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The biggest risks when trading overseas – and how to avoid them

The biggest risks when trading overseas – and how to avoid them article image

Australian businesses looking to expand overseas will discover a world of opportunities, however there are also many risks involved.

Failure to address these risks can mean the difference between success or failure for an export business.

Graham Crozier, the Chief Executive of Coface in Australia and New Zealand, identifies the main risks facing exporters and explains the steps you can take to avoid them…

Identity Risk

Knowing who you are dealing with, especially if you are exporting to countries with a different language. A company may look legitimate from a search of their website or social media presence, but remember it is easy to ‘buy’ visibility in order to defraud potential suppliers. It’s always advisable to obtain a full registered name, business address and legal identifier to be able to check that the company actually exists.

Financial Risk

Don't be satisfied with trade references alone as a company is unlikely to point a supplier towards someone who will give them a bad review! Buy a financial report from an International Business Information Provider to check the company’s financial position and credentials. The cost of a report will be significantly lower compared to the money you may potentially lose if you make the wrong credit decision in the first place.

Trade Risk

Remember the old adage that ‘A sale is not a sale until payment is made’. You must look to protect your most valuable asset, your trade receivables. Just think how much you would have to sell to recover from a bad debt. For example: if your profit margin is 10% and your client does not pay an invoice for $100,000 you will need to generate additional sales of $1m just to stand still. The reality is that you never actually recover. Perhaps even more important than if you are trading locally, where debts are arguably easier to collect, giving thought to Trade Credit Insurance is a must when you begin exporting.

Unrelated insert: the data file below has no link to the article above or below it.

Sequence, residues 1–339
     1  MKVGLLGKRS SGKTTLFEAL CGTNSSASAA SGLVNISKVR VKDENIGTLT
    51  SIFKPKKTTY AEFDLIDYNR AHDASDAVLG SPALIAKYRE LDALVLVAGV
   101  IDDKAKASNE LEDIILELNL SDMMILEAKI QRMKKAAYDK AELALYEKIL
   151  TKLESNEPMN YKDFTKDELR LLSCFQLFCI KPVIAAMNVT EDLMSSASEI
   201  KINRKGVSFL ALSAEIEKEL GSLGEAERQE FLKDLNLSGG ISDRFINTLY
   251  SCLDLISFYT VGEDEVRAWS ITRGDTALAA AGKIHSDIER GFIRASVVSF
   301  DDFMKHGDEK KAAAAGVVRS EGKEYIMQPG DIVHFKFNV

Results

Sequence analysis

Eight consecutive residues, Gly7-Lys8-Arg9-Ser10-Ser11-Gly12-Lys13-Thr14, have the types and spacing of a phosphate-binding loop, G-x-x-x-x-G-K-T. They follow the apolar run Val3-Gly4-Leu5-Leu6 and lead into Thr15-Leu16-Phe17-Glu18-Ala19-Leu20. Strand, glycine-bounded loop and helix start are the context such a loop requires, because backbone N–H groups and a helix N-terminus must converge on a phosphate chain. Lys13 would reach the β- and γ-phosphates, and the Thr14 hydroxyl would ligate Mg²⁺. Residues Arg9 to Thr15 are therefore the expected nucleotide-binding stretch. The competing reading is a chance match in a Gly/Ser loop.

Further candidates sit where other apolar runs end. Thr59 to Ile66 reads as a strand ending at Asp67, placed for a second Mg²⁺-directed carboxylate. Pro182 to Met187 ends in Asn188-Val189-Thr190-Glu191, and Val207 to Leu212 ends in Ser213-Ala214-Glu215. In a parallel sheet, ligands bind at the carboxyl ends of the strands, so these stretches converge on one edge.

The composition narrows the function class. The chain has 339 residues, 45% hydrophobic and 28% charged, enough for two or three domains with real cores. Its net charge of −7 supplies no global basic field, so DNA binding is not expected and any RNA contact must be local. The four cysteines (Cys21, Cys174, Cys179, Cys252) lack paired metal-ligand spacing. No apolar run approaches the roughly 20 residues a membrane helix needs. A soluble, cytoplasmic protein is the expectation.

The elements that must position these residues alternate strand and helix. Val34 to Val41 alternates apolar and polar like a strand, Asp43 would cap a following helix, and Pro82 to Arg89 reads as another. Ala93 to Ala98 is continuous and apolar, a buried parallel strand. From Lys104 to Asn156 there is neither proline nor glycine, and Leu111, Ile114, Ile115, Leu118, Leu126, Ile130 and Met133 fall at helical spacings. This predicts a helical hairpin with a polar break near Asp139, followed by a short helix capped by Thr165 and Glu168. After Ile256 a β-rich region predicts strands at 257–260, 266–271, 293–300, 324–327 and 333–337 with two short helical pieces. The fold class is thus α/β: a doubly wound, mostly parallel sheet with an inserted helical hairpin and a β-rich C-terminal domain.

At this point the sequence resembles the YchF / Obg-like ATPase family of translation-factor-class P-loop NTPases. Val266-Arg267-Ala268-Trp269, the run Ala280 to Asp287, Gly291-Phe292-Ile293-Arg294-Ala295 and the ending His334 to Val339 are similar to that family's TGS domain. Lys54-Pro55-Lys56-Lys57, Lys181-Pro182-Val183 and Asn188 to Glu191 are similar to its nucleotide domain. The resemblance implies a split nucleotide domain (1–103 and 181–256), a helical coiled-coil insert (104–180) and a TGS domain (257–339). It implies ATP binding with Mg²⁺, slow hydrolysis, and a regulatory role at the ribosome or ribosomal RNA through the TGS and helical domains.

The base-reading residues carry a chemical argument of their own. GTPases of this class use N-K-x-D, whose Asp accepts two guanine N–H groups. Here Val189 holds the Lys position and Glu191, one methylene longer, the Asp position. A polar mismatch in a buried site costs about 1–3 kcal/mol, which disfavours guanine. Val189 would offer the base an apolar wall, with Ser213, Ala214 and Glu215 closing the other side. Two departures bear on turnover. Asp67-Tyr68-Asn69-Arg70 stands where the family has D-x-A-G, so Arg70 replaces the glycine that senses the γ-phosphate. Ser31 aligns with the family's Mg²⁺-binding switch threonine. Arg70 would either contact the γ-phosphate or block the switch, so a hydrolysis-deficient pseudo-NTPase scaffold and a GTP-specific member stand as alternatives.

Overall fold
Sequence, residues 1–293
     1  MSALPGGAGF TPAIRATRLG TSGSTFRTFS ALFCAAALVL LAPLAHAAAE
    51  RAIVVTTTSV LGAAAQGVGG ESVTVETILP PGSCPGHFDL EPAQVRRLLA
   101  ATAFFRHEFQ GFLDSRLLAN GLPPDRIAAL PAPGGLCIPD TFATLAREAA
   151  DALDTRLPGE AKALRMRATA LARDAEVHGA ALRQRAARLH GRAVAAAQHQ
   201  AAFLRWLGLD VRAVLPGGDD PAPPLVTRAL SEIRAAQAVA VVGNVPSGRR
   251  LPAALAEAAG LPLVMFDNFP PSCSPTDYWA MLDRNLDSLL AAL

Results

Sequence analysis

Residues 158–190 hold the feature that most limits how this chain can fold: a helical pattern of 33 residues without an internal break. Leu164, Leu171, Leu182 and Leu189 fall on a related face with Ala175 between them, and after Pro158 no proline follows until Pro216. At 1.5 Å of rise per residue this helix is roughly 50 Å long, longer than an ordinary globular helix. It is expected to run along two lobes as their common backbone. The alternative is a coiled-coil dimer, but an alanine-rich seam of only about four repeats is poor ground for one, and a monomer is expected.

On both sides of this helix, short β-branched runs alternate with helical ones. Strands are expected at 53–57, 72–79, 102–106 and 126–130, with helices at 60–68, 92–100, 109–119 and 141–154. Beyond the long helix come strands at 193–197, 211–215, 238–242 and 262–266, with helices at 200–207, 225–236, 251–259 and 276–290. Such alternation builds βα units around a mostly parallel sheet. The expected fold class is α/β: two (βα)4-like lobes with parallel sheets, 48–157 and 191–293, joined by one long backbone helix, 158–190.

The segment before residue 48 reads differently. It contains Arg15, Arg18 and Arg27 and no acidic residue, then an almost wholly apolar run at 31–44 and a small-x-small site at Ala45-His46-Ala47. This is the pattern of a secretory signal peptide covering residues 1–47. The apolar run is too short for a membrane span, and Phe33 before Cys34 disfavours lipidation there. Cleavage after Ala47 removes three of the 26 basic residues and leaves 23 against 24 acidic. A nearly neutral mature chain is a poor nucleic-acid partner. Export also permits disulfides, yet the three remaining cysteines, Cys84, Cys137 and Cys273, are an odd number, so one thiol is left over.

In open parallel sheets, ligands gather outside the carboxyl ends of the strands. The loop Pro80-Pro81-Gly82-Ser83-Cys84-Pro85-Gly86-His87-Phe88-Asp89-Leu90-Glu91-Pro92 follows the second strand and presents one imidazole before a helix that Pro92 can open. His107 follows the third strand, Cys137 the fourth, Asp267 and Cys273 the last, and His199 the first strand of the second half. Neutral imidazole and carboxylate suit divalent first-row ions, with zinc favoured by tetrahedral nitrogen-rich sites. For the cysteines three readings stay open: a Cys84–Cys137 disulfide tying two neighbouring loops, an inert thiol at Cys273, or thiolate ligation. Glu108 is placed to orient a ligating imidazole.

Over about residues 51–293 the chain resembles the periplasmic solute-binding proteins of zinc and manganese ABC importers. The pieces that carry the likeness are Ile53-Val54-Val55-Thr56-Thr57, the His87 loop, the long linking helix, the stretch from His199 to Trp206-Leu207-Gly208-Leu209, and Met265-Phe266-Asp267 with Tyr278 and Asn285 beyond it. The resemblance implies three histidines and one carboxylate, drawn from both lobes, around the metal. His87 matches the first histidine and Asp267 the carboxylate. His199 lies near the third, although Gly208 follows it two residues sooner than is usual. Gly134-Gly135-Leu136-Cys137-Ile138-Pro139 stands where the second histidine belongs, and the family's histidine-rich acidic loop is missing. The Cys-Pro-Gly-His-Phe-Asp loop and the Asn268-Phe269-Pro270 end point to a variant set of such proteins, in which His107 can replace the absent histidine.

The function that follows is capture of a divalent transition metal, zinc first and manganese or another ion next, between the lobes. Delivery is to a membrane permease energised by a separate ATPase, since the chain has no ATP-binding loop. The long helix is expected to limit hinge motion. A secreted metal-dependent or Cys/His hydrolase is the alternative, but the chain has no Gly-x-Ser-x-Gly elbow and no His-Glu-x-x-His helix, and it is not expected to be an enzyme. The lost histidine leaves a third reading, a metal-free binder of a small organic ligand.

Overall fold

Buyer Risk

When following up your unpaid invoices chances are the longer you wait to chase your slow payers the higher the chances they will default. Again, if you use the services of a global Trade Credit Insurer, export debt collection is normally included as part of the policy, so you don’t need to understand the foreign country legislation or language to collect if things go really wrong with your customer as your insurer will do this for you.

Country Risk

Exporting is a long-term process and so the first thing you need to do is conduct appropriate due diligence on the country itself to make sure it is genuinely a good fit for your business. You can access free information from reputable sources such Coface country reports under the “Economic Studies” section of our website.

Political Risk

Always keep in mind that it makes a significant difference whether you export into developed or emerging markets. Emerging markets can be unpredictable; your customer may be willing to pay but there is not much you can do if the government of the country seizes the assets of businesses owned by foreign companies or if they set restrictions on the conversion and transfer of local earnings. Again, most Trade Credit Insurance products will cover this type of risk under their policy.

Coface has been a world leader in credit insurance since 1946. Coface Australia Branch has been advising and supporting companies in Australia through the process of providing security and management of their domestic and export trade receivables since 2000. 

For more information visit: www.coface.com.au

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